MSHSL sanctions girls wrestling, but boys volleyball falls short in close vote

Amendments require two-thirds approval from the representative assembly to pass, meaning boys volleyball came up just two votes short

MSHSL165837MSHSL logo.jpg

Despite receiving 29 “yes” votes out of the 47 cast Tuesday by the Minnesota State High School League’s representative assembly, an amendment to make boys volleyball a sanctioned MSHSL sport was not passed.

Girls wrestling, however, received overwhelming approval and will host postseason MSHSL competition next winter.

Amendments require two-thirds approval from the representative assembly to pass, meaning boys volleyball came up just two votes short. This after a slew of people from various backgrounds pleaded their case Tuesday to add the sport.

Boys volleyball has thrived at the club level in recent years, supporting more than 1,000 athletes. But becoming a sanctioned sport provides invaluable resources and school backing.

“People want to be state champions. They aspire to feel validated in their school environment, and sanctioning is the way they feel validated,” Minnesota Gophers women’s volleyball coach Hugh McCutcheon said at Tuesday’s virtual meeting. “I understand that we could keep this duct tape and string club model going off the back of volunteers that are committing so many hours and so many resources to keep it going, but, unfortunately, what they want is to be a part of your organization.”


Michelle Yener, a delegate who serves on the assembly and as the chair of the District 622 school board, mentioned the opportunity boys volleyball provides for students of color. She said the club sport attracted the highest percentage of students of color for any sport in District 622. The metro areas is home to one of the largest Hmong populations in the country.

“We want every single student to participate in at least one extracurricular, because it’s good for them physically, socially and academically,” Yener said. “They want to represent their school on the volleyball court. They are underrepresented students who have not found a place among other activities, and they are fantastic athletes.”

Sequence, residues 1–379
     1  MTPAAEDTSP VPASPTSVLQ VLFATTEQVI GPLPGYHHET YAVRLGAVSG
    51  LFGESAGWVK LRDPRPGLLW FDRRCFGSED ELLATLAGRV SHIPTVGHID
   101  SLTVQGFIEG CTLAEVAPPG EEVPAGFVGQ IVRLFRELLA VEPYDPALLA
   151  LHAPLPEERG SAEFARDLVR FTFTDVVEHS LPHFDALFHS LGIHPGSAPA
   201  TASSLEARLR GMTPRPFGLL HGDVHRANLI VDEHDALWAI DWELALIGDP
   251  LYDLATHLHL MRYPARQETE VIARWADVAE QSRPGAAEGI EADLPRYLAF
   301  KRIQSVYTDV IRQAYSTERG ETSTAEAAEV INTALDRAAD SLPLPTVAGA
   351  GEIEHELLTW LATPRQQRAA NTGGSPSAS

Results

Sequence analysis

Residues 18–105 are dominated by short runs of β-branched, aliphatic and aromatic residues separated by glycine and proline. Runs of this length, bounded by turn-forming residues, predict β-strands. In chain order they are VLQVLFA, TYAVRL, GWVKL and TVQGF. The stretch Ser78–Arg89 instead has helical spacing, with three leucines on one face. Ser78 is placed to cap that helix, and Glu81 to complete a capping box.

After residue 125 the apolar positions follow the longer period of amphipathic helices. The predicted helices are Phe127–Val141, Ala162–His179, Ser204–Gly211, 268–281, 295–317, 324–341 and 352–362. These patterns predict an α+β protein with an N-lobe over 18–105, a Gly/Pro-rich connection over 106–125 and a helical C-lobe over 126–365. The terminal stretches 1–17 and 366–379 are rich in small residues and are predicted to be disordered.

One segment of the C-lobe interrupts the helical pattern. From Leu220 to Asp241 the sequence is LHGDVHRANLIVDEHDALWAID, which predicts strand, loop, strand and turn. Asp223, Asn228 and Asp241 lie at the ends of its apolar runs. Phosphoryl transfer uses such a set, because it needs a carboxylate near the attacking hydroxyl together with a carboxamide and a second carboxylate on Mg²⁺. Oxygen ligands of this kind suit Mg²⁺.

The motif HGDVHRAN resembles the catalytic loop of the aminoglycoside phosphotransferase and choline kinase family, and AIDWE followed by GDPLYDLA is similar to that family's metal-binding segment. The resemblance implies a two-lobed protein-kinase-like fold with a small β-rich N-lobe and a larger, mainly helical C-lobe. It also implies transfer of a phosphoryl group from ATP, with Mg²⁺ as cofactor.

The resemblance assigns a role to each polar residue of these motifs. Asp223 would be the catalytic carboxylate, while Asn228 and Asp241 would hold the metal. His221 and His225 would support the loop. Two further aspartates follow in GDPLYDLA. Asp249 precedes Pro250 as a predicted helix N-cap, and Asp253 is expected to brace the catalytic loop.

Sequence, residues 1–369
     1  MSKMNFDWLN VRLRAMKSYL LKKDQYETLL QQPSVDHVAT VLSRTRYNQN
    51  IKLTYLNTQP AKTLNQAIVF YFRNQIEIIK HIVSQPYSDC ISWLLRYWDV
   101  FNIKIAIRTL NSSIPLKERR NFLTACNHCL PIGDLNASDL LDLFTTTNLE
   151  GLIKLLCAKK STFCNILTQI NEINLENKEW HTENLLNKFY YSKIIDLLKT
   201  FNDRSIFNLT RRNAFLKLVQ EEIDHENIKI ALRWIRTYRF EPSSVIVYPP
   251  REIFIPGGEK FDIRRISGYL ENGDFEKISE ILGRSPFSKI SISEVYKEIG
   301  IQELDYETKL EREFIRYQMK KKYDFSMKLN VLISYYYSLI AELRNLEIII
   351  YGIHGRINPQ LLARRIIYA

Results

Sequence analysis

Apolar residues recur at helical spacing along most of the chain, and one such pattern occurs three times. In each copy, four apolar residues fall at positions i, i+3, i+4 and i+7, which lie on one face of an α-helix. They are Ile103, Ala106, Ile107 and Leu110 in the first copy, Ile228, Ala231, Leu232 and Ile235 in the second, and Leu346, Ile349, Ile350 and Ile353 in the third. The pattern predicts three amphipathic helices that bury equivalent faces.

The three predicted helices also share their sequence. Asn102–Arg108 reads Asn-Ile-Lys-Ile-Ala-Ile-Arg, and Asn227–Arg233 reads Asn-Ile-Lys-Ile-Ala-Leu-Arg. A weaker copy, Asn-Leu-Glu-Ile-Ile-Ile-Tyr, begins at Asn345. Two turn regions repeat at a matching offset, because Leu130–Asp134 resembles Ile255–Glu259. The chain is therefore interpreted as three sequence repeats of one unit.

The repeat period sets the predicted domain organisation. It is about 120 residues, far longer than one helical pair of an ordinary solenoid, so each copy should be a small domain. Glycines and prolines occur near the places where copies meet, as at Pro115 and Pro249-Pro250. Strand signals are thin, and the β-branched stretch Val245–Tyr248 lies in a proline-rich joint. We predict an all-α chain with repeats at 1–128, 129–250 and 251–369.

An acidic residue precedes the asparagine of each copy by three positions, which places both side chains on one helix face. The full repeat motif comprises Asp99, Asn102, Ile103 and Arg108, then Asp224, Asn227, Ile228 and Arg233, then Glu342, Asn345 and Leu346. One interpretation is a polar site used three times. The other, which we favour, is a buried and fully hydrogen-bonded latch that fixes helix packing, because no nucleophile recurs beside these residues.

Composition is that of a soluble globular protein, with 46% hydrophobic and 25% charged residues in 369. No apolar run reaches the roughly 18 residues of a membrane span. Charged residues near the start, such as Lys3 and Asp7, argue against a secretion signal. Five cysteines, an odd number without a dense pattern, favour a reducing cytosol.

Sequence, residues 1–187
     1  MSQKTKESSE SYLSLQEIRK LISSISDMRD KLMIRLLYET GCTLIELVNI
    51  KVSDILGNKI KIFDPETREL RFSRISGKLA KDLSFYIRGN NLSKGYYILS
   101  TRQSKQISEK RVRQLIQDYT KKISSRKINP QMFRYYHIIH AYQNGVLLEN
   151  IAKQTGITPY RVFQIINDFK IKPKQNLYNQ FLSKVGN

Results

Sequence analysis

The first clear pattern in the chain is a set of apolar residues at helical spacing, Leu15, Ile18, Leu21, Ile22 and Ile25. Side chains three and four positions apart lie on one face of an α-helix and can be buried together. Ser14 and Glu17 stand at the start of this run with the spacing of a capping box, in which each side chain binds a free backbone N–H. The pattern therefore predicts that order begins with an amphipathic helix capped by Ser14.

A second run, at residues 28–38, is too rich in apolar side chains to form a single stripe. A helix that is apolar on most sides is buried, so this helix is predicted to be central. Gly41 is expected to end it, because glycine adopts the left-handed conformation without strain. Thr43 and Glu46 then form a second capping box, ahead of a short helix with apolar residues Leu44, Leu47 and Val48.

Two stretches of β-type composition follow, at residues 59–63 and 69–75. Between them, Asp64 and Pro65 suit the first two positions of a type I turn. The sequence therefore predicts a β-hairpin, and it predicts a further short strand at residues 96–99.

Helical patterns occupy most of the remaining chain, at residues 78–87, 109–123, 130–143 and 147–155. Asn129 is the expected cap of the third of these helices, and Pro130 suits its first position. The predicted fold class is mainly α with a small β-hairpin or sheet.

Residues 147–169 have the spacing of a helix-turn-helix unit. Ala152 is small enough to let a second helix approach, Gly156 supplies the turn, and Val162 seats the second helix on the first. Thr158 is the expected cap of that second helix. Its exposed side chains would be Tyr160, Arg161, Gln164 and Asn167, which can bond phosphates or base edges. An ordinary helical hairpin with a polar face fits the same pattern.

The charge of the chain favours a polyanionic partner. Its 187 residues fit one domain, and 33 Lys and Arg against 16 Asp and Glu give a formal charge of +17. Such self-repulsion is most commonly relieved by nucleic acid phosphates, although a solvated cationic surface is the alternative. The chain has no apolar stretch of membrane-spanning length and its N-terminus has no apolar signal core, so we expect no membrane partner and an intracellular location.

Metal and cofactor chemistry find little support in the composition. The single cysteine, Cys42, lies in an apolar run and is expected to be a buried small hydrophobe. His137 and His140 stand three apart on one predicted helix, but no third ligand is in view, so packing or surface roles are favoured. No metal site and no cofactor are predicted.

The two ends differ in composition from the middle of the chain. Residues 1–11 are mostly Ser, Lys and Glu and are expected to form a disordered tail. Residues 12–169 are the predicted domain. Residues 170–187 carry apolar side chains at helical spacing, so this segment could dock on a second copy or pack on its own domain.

But representatives raised concerns some schools had about whether this was the right time to add a sport, when budgets are tight and participation numbers are down across the board. There were worries about available facilities, coaches and officials in the spring — the proposed season for boys volleyball — when other clubs are also playing.

Budget-wise, there were concerns about paying for more coaches, officials and transportation.

“I think the easy thing to do is probably reduce our request to some kind of spreadsheet decision,” McCutcheon said. “However, that shouldn’t preclude us from trying to do the right thing here. I don’t know if there is a price you could put on social connection and mental health. Those are the things we’re really talking about here for our young men. I don’t know if you could put a price on the idea of diversity and inclusion in our communities at a time when social injustice has never been a bigger issue, especially in our state.”

Yener noted that girls volleyball is top revenue generator among girls activities, and there was optimism boys volleyball could be similarly successful.

A number of proponents mentioned that the sport could be sanctioned to allow all to have the option to play, and then individual districts and schools could make the decision on whether or not to sponsor the sport.

Fong Vang, the coach at Hmong College Prep Academy, noted the St. Paul charter school doesn’t offer other spring sports such as baseball and lacrosse, due to the lack of interest and resources.


“So volleyball, for us,” he said, “is the only spring sport that is sustainable.”

“Allow the communities that want to participate in this sport the opportunity to do so, and if it doesn’t work for you, that’s fine,” McCutcheon said. “But that doesn’t mean that it shouldn’t work for all communities.”

But some representatives noted schools would feel pressure to add the sport, even if it didn’t work for them in terms of budget or numbers.

Apparently, there were enough concerns that the wait for MSHSL-sanctioned boys volleyball in Minnesota will have to wait.

Girls in wrestling will continue to practice with and wrestle against boys during the regular season, but they now will have the option of competing in girls-only individual section and state tournaments, which will be held simultaneously with the boys individual wrestling tournaments.

What To Read Next
Get Local